Blog | Payment Models

Connecticut’s launch of a bundled payment program for its employee health plan is part of an effort to save the state $185 million

Blog | Payment Models

Connecticut’s launch of a bundled payment program for its employee health plan is part of an effort to save the state $185 million

  • Connecticut has started a bundled payment program for its state employees in an effort to reduce healthcare costs, according to a recent Modern Healthcare article.
  • The new program, along with other efforts related to the state health plan, is proposed to save $185 million through FY21, according to the article.
  • Some state governments, like Connecticut, have high enough volumes that COVID-19 may accelerate their adoption of value-based payment models, according to Chad Mulvany.

A recent Modern Healthcare article states, “Connecticut has started a bundled-payment program for its state employees to help save healthcare costs. The new program, along with other efforts related to the health plan, are proposed to save the state $185 million through fiscal year 2021, according to the state.

“The program currently involves more than 20 procedures and conditions including knee replacements, pregnancy care and cataract surgery,” the article continued.

The article goes on to state:

“So far, 180 providers in Connecticut have agreed to participate and more are expected to join before the end of the year, said Joshua Wojcik, assistant comptroller for the state. Commercial insurers in Connecticut haven't been as eager to offer alternative payment models, Wojcik said, so ‘we are hearing from the provider groups that they are excited the state is going down this route.’"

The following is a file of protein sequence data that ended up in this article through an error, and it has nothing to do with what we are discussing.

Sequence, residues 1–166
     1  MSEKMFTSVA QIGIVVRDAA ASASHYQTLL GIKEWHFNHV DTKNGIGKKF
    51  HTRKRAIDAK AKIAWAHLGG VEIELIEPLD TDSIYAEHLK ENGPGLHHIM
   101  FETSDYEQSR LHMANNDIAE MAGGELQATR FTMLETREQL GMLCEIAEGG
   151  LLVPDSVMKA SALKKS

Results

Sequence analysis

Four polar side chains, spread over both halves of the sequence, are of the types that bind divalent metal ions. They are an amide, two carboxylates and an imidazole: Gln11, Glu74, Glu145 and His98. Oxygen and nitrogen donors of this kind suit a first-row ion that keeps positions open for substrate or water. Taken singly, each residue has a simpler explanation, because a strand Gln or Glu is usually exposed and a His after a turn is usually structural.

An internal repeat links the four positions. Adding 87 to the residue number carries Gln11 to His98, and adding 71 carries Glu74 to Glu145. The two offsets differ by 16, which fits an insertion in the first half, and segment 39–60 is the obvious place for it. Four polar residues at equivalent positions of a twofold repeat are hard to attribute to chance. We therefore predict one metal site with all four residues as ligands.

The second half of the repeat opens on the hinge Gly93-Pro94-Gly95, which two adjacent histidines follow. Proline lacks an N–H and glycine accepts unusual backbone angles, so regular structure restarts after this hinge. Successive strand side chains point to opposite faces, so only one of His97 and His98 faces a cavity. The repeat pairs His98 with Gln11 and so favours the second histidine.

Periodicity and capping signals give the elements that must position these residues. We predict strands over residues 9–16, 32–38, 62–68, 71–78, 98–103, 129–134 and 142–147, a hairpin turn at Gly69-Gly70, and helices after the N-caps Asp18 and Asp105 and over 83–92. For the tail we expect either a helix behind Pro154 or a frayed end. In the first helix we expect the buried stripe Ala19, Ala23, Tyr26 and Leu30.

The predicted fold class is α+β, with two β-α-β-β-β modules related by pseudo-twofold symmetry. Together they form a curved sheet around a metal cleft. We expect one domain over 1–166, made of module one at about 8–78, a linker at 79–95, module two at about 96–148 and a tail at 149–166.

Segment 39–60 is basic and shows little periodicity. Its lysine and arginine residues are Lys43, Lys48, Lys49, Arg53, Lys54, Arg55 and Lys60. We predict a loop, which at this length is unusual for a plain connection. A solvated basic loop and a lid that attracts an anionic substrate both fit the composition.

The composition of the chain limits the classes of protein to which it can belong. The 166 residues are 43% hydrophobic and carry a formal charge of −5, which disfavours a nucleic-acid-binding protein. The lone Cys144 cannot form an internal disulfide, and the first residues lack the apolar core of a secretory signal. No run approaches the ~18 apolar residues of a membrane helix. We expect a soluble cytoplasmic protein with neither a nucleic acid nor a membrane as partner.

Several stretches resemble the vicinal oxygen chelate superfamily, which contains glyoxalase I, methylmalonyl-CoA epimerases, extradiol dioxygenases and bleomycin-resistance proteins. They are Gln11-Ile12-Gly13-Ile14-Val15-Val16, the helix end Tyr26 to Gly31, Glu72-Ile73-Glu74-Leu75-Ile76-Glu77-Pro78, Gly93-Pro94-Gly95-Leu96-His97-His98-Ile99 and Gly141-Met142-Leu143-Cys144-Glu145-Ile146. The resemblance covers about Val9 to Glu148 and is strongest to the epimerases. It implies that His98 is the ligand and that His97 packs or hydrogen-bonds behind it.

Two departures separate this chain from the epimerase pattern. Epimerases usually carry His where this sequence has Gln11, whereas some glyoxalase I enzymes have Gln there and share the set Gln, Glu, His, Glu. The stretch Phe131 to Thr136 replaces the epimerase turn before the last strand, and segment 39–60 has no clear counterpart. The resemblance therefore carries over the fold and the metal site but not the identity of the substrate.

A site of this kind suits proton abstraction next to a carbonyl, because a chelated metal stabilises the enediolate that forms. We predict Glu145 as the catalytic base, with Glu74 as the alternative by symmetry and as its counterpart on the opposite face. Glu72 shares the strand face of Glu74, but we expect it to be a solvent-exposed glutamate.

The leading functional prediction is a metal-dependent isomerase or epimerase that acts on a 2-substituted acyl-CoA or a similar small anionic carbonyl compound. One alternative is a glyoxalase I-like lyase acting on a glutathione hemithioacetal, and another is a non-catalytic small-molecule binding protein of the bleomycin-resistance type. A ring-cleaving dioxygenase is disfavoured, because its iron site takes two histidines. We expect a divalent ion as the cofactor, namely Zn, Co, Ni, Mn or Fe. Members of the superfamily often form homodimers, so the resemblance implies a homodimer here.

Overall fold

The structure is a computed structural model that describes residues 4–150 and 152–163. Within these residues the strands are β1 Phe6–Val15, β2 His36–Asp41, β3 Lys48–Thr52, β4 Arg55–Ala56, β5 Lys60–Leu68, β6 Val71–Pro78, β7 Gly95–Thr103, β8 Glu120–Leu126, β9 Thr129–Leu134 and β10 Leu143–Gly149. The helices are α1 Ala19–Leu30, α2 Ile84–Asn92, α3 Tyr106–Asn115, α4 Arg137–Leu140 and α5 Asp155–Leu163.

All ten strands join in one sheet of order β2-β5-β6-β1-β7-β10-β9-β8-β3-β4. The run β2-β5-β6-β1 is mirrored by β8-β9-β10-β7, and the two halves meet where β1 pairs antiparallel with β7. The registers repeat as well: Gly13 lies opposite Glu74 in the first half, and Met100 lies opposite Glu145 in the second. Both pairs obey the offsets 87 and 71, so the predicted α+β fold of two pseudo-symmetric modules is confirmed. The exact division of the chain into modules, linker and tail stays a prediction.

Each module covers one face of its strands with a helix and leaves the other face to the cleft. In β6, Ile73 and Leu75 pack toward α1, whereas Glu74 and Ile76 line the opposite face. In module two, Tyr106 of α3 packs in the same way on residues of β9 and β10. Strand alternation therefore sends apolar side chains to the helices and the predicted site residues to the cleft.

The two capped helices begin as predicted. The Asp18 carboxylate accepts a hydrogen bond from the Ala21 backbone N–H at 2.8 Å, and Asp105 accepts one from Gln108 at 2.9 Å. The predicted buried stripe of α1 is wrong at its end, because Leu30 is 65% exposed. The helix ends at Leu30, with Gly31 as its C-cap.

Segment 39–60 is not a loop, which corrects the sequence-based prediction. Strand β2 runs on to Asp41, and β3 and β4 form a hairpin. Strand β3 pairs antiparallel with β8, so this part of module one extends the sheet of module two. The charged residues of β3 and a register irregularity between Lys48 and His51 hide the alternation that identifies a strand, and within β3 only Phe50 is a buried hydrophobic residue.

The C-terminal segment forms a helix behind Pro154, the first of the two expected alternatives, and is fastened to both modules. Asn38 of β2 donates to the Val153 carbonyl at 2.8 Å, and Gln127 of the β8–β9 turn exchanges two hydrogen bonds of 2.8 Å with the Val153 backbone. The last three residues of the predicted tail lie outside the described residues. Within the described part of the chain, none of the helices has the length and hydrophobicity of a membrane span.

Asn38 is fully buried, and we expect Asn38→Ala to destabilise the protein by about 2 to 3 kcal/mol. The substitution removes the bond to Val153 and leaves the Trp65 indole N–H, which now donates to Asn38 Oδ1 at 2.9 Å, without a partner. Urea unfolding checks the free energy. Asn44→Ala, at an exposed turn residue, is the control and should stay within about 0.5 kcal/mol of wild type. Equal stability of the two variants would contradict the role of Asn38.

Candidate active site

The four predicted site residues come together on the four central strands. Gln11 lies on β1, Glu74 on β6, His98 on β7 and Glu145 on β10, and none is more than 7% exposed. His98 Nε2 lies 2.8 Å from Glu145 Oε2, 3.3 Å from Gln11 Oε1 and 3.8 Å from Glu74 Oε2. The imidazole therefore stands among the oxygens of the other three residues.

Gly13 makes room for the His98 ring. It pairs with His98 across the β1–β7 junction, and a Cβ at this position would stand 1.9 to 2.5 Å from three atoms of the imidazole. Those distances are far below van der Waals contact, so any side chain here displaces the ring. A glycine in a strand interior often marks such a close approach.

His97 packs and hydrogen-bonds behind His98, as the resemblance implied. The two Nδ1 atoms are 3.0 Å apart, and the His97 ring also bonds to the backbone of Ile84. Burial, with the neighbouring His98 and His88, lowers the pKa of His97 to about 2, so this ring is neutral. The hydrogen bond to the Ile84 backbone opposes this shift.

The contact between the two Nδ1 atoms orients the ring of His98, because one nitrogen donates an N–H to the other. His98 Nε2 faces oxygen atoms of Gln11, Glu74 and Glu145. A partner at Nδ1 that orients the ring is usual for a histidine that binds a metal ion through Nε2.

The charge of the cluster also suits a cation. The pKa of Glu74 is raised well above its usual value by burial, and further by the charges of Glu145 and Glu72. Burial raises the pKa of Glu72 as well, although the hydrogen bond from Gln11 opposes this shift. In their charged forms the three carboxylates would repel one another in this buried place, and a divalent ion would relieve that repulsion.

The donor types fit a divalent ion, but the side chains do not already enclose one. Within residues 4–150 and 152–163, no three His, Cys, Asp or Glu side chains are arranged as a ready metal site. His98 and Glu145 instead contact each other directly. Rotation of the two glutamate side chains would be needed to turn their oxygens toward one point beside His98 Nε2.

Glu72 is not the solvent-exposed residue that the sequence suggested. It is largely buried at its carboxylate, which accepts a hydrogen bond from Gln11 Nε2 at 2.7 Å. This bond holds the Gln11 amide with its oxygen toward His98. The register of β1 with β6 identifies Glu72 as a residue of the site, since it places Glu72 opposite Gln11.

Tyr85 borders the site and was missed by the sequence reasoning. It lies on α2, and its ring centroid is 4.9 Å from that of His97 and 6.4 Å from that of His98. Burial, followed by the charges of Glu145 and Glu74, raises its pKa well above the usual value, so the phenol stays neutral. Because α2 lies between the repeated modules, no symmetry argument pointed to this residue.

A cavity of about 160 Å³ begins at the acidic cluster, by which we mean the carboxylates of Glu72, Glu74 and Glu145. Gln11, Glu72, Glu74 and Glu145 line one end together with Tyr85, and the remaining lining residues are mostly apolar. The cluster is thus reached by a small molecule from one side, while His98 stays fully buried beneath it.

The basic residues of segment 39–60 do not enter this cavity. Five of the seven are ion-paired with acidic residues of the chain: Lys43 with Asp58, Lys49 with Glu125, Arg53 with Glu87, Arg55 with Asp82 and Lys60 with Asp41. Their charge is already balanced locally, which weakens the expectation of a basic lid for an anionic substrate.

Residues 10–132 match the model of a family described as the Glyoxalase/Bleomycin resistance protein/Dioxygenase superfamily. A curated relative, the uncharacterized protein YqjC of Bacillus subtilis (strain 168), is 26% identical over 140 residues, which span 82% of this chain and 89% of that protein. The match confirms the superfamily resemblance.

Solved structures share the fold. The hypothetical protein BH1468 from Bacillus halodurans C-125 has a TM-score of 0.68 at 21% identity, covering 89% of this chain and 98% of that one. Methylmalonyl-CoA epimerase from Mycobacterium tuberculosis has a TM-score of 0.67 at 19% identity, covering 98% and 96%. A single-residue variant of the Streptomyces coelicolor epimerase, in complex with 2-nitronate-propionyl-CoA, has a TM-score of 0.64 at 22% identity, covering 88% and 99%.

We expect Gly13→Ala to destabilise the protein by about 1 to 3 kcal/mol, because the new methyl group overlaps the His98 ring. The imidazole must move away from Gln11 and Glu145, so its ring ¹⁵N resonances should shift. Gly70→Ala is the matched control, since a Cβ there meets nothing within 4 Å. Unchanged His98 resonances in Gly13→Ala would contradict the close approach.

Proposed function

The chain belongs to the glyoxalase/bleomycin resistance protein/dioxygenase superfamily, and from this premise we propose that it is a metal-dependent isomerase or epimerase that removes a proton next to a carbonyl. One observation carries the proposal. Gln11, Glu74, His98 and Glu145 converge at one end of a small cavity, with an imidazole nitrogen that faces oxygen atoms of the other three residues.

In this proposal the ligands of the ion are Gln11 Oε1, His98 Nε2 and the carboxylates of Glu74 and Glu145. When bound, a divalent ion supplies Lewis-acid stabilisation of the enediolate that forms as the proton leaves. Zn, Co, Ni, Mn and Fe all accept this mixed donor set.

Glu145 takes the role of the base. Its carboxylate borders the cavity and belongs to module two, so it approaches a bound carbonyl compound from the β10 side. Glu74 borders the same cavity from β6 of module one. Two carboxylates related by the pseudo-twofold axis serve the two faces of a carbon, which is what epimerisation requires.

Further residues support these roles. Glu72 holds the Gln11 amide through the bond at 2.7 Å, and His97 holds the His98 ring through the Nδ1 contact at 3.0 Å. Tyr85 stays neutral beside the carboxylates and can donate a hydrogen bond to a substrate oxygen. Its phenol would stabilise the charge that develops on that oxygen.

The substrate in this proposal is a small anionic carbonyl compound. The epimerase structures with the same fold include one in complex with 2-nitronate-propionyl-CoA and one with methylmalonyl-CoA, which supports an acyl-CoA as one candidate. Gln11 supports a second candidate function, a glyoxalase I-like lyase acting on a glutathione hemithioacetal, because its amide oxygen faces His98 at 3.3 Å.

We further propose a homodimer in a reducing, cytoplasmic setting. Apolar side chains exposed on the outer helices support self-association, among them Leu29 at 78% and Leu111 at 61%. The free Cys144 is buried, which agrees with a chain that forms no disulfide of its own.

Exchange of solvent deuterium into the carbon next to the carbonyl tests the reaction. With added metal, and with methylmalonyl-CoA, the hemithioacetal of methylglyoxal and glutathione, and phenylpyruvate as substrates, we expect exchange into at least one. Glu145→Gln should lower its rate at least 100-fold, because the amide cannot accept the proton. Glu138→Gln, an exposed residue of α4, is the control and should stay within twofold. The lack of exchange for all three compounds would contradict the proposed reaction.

In my opinion, without getting employers to adopt alternative payment models (APMs), it’s going to be hard to make additional progress in the transition to value. Providers will not have enough revenue at risk to justify the necessary investments in people and analytics, make changes in care delivery and ultimately establish a sustainable revenue stream that supports operations by providing a reasonable margin.

We frequently hear that employers face a similar scaling problem, which limits health plans’ interest in developing APMs for use in ERISA contracts. Walmart, while one of the largest employers in the country, doesn't have enough employees receiving healthcare benefits in most of the markets where it has a presence to justify the cost of closely collaborating with providers on APMs. However, state governments (and in some markets the federal government) have a sufficiently high enough volume, relative to other employers, that COVID-19 may accelerate adoption of value-based payment models.

During the spring, tax revenues for states were down 29% on average compared to the prior year. Connecticut, for example, is facing a $2 billion deficit, which may have influenced its thinking. If COVID-19 pushes more states to adopt this type of approach, more plans may be driven to develop bundles and other APMs that could be incorporated into ERISA contracts, which will further accelerate the value transition.

Resources to help providers succeed under APMs

HFMA’s Value Project can help providers develop the key capabilities necessary to succeed under bundled payments and other APMs.

About the Author

Chad Mulvany, FHFMA,

is director, healthcare finance policy, strategy and development, HFMA’s Washington, D.C., office.

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